Reproduction: 50th Anniversary

 

ABSTRACT OF ANNIVERSARY PAPER I GAVE AT CONFERENCE TO COMMEMORATE  THE 50TH ANNIVERSARY OF THE PUBLICATION OF LA REPRODUCTION BY BOURDIEU IN 1970

 

 

 

 

 

 

 

This presentation addresses the reception and influence of La Reproduction by Bourdieu and Passeron from the time of its publication in English in 1977. The theme is set in the context of:

 

  1. The development of English Sociology as a discipline in the post war period;
  2. The expansion of teacher education and educational research from the 1960s;
  3. The establishing of educational ‘foundational disciplines’ and institutional support for them.
  4. The broader the growth in ‘cultural studies’ as a supporting discipline.

 

The influence of Reproduction will be considered as part of the so-called ‘new’ Sociology of Education in England; which was announced by the publication of Knowledge and Control in 1971 – an edited volume to which Bourdieu contributed two articles. This book was initially proposed by Bourdieu, along with Basil Bernstein and Michael Young and arose from a Conference in Durham, UK in 1970 to which Bourdieu contributed ‘Cultural Reproduction and Social Reproduction’. The focus of these works on the construction and organization of pedagogic knowledge will be highlighted: both in terms of common themes and differences. The distinctiveness of Bourdieu’s approach will be emphasized; in particular his concept of ‘cultural capital’ and the influence it had within the education community.

 

The presentation will connect Reproduction with Bourdieu’s earlier work in Algeria and the Béarn to underline important aspects of his work which were badly understood in the 1970s context: philosophical and methodological – ethnographic and statistical. UK-based criticisms of Reproduction of the time will illustrate a range of misunderstandings; for example, the ‘universal’, ‘ethos’, ‘class’, and ‘structure’.

 

The subsequent growth and character of educational research in the UK will be addressed in terms of the main tenets of Reproduction and contrasted with the direction that Bourdieu’s own research took. Key issues here include:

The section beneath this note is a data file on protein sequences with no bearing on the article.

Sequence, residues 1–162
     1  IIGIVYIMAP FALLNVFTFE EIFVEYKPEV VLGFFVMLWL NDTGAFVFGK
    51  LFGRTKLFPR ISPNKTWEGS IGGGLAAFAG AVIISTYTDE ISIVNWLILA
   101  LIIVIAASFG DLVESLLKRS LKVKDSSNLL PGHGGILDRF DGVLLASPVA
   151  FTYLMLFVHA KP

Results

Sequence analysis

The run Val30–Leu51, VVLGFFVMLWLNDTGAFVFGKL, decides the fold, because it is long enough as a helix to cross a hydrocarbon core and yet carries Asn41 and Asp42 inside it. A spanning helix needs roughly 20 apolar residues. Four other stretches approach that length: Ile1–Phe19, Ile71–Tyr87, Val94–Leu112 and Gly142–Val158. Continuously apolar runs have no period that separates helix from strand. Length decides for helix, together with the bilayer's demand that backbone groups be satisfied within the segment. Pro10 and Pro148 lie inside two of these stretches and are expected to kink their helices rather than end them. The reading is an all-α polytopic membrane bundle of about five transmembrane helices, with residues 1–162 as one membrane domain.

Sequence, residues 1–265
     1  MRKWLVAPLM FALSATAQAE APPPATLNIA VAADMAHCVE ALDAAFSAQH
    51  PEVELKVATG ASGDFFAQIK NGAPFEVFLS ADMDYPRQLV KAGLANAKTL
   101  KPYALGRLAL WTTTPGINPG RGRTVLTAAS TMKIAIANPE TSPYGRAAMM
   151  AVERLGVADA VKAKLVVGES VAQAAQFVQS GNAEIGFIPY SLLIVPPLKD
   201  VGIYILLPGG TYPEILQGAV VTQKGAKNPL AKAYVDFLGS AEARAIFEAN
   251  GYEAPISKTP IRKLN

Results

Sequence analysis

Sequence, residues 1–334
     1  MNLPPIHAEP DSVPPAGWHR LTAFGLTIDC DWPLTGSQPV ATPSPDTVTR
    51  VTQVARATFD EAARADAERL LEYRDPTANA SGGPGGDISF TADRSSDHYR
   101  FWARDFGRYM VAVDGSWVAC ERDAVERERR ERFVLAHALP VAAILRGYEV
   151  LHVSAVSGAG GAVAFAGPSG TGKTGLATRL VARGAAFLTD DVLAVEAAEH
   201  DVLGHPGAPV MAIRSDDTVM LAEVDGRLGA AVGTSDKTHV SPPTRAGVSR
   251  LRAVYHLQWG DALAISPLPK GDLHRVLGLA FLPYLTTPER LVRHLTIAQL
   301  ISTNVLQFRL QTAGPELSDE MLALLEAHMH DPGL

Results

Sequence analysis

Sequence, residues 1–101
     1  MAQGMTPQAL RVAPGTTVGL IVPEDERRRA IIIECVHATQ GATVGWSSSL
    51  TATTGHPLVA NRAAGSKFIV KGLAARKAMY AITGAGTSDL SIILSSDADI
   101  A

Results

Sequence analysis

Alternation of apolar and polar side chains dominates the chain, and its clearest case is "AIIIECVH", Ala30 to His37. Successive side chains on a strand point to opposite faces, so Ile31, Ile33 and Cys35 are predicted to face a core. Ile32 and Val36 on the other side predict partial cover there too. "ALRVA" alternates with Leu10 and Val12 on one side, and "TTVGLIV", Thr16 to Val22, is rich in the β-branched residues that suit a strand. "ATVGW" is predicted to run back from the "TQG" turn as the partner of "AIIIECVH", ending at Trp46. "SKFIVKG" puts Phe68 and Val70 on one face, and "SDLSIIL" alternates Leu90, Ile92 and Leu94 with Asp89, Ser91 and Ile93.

1. Methodological approach: the ethnographic style of UK educational research and that of Bourdieu;
  2. The presence – and absence – of philosophy;
  3. The link between theory and practice;
  4. Impact on teacher education and thus classroom practice;
  5. Education as part of a broader historical sociology;
  6. The contrast in the nature of reflexivity.

 

These issues will be exemplified with reference to influential books of the time: for example, Learning to Labour (1977) and Codes, Class and Control (1971).

 

The discussion will connect with the relationship between policy and practice and the strategies available for counteracting ‘pedagogic symbolic violence’; for example, the ‘de-schooling’ movement.

 

The presentation ends with a brief account of the reactionary backlash to this generation of educational researchers: criticism of it and what followed in its wake. This discussion will be connected to the consequences of the misunderstanding and misapplication of Reproduction and what might shape a revised appreciation of its aims and objectives.